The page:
Author Leslie Woit Photography Mirjam Bleeker
DAY TWO / After breakfast in bed with the papers (the only real cure for a large London night), elevate the soul with a visit to one of the greatest collections of European painting in the world, The National Gallery. Since the public owns the paintings, admission is free.
Time for a walking tour. Set out across the recently pedestrianised Trafalgar Square (Mayor Ken Livingstone banned cars and feeding pigeons). Lord Nelson, who led Britain to victory over the French in the Battle of Trafalgar, still watches from atop his column. Head down Whitehall. On the right is 10 Downing Street, the prime minister’s home, and on the left is Banqueting House, where Charles I lost his head in 1649. At the neo-Gothic Houses of Parliament, guided tours are offered for everyone but the queen when the House is in recess; by law the monarch is not permitted entry into the House of Commons.
Next stop is the Churchill Museum and Cabinet War Rooms, an underground command centre where Prime Minister Winston Churchill and his government met as bombs rained down on London during the Blitz in 1940–1941. Perfectly preserved, the warren of situation rooms and sparse sleeping quarters offers an awe-inspiring look into wartime London.
Above ground, it’s time for a romantic picnic (weather permitting) in one of London’s most idyllic parks, St James’s. At Inn the Park restaurant, pick up your picnic and blanket or choose from the locally sourced organic menu indoors or on the terrace.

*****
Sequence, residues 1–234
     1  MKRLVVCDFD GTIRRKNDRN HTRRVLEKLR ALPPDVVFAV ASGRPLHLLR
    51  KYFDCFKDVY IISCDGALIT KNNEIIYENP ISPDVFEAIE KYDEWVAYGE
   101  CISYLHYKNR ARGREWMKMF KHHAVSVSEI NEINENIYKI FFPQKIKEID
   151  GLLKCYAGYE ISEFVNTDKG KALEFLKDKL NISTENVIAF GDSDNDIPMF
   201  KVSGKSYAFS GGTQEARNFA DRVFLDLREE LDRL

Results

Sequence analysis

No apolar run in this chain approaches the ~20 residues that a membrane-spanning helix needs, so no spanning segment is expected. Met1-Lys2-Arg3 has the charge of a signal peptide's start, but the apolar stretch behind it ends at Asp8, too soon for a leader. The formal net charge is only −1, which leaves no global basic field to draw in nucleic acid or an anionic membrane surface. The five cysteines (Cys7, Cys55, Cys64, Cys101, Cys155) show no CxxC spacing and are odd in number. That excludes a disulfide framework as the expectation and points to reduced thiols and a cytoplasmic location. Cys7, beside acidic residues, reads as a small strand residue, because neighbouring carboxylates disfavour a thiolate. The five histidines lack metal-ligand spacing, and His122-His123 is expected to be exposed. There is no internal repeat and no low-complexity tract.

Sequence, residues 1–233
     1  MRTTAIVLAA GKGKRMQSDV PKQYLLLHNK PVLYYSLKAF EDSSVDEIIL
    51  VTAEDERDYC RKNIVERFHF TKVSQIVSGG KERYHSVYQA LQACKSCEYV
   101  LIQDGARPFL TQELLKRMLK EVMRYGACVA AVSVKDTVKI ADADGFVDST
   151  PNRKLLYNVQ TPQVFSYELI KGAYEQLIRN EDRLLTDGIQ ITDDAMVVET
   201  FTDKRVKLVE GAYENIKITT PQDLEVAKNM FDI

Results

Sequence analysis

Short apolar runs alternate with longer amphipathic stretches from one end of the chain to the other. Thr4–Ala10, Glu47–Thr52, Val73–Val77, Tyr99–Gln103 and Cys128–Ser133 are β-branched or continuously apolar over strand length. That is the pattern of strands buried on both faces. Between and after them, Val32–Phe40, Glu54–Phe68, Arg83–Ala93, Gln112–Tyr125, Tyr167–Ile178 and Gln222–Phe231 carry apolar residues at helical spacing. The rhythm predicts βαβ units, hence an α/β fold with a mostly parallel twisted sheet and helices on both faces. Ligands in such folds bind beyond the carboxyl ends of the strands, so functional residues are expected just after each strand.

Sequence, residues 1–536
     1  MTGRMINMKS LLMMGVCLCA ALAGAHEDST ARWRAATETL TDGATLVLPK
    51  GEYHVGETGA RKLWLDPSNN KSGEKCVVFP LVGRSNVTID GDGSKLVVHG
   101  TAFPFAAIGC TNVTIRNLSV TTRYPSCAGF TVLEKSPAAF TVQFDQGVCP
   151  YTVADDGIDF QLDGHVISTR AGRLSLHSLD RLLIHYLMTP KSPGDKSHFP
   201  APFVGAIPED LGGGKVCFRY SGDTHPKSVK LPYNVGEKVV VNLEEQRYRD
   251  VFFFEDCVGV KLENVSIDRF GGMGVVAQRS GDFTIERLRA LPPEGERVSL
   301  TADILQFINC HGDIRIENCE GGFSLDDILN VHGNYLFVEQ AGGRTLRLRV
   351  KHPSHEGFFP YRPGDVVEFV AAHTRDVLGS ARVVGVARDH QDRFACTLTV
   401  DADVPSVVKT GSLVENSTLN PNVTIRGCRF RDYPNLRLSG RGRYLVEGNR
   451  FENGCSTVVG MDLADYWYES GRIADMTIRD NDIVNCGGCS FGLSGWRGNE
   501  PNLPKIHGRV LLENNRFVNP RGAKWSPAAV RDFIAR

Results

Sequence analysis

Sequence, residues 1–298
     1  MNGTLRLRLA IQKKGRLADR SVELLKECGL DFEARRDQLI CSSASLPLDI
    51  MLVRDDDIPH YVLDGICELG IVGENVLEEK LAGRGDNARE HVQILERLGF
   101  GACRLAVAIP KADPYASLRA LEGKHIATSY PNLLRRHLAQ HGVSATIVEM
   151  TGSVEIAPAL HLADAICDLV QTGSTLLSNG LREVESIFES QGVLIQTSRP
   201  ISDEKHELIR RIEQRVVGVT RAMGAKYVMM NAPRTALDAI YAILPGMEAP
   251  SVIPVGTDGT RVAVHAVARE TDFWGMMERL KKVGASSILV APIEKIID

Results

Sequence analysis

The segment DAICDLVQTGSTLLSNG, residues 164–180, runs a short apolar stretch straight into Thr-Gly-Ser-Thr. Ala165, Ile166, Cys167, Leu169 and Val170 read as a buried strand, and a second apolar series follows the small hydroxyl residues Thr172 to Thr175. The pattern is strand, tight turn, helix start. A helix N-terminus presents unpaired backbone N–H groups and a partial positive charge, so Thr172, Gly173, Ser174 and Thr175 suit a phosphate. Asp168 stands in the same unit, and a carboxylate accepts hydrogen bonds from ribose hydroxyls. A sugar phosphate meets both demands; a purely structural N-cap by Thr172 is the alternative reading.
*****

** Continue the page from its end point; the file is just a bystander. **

After your trip below ground, go to 135 metres (443 feet) above it. Hop aboard The British Airways London Eye. Glass of bubbly in hand, your smooth glass pod floats Mary Poppins–style above London’s skyline.
Next, it’s onto the River Thames. You’re headed to Tate Modern aboard the Tate Boat—door-to-door service in a sleek catamaran. Featuring a sea of expressionists and a room of Rothko, the gallery is the second-most-popular tourist attraction in the country. Walk over the Millennium footbridge afterward for a great view of St Paul’s Cathedral.
Back at the hotel, there’s time for a nap or a relaxing dip in the pool. This evening is dedicated to what London does best: “The play’s the thing.” If you didn’t get to the Half Price Ticket Booth in Leicester Square today, the concierge will arrange tickets at one of London’s West End theatres for the finest productions of Shakespeare, Wilde, Ibsen, Pinter, Lloyd Webber, and more. Take your seat and prepare to be transported.
The final curtain is your cue for a late dinner at trendy Tom’s Kitchen in Chelsea. Simple gastropub-style cooking features tender aged beef and fresh seafood. Chef Tom Aikens opened this spot just down the street from his eponymous restaurant, which earned a Michelin star within 10 months of opening.